It’s been so encouraging to experience how inclusive NHS Digital and the Data Security Centre is. I’m yet to encounter any barriers where being female has prevented me from pursuing my career. For me, confidence is key. When I was a child, I suffered with anxiety and I refused to talk to anyone but my mum. Even walking outside my front door was a challenge, which would very often end with me in tears, but over time I grew the confidence to walk to the shop next door. My mum pushed me to join the air cadets and at the time I hated her for it, but now I understand why she did it. I was there for seven years (hence the weapons handling licence!) and I progressed from not speaking to anyone to speaking at air shows and commanding a squadron of 100 other cadets and members of the armed forces.
For me, it’s all about giving young women the confidence to step outside their comfort zone and take those first steps into a tech career. More and more companies and organisations are realising that women have a different set of skills to men and being different is what makes us valuable assets. I’ve not found it to be a limitation and indeed the different perspectives I bring to the team lead to better and more comprehensive analysis and accurate results.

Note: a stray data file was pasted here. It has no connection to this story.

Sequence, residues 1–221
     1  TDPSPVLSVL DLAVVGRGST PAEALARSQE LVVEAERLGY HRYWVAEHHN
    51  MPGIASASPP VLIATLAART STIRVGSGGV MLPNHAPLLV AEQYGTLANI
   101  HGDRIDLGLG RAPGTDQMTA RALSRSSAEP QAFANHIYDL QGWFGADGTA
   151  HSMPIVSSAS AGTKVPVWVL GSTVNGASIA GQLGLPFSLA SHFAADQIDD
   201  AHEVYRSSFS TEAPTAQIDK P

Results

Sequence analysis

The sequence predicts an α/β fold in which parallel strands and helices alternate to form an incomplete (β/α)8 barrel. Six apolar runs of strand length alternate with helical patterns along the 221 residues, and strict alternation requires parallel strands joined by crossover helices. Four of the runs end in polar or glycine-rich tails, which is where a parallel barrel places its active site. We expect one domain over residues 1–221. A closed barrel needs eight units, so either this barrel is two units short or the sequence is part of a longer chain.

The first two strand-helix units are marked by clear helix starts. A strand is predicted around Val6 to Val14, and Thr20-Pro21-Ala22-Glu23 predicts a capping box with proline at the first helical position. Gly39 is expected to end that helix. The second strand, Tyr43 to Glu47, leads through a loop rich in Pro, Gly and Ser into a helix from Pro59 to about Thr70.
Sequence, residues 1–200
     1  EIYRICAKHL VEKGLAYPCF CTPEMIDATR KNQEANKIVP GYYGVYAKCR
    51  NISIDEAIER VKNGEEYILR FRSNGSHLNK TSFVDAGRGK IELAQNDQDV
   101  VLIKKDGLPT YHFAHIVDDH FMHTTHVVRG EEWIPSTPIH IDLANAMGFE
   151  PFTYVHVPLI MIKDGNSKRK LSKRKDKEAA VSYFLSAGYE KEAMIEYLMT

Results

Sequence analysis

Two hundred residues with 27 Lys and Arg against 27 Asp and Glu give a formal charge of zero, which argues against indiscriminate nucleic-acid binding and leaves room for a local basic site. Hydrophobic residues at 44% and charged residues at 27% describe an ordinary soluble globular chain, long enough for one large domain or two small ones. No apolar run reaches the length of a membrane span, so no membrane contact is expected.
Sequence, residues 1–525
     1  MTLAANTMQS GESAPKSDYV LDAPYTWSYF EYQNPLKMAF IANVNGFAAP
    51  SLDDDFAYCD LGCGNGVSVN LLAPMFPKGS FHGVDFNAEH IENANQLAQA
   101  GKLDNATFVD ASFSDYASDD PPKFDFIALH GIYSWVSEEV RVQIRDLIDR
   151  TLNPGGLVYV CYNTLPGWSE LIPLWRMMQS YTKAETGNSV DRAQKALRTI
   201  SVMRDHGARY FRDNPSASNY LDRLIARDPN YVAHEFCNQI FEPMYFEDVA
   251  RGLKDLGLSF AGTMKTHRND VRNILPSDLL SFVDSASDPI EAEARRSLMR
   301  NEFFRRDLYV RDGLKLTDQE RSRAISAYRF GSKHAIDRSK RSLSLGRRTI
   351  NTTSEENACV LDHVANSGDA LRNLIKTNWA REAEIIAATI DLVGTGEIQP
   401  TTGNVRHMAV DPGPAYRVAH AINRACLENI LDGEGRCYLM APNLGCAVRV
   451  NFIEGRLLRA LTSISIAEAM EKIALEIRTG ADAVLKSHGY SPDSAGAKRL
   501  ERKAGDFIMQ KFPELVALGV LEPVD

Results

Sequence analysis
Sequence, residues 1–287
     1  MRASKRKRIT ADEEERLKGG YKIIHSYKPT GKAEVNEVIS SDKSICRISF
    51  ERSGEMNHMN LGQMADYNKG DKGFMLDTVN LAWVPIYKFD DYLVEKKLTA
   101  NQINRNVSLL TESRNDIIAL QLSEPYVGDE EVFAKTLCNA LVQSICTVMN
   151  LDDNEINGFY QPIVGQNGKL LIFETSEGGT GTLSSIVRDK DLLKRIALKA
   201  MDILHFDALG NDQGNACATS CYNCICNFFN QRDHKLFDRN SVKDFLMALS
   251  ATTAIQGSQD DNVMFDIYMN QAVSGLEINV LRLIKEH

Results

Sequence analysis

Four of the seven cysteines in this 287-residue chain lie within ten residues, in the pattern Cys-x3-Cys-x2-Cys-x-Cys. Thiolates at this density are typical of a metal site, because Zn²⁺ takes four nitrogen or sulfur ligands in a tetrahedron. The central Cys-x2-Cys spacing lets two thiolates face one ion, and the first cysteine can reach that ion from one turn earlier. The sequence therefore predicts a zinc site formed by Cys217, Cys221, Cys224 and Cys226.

I’ve attended quite a few careers events with NHS Digital, and I’m keen to show other girls that there is absolutely nothing stopping them from doing what I’m doing. I recently took part in an event at Leeds University, which was attended by some girls from my old school. When they realised that I was a former pupil, they were so excited. It really brought it home that you don’t have to come from a privileged background and you certainly don’t have to be male to pursue an exciting career in technology.
The beauty of working at NHS Digital is the fact that I am helping to protect someone’s life and securing one of the largest and most complex systems in the world! I may not be a doctor or a nurse, but indirectly I’m making a difference to people’s lives every day. When people think of the NHS, they often forget about all the work that goes on in offices behind the scenes. It’s only by working here that I’ve come to understand the scale of the operation and the effort that goes into keeping everyone safe. It’s great to be part of such a lovely community, but I must admit, I would enjoy some more women in the office who might appreciate the new shoes I bought at lunch, unlike my seven dads!
If you’re interested in understanding what we do, how we do it, and why we do it, then please get in touch.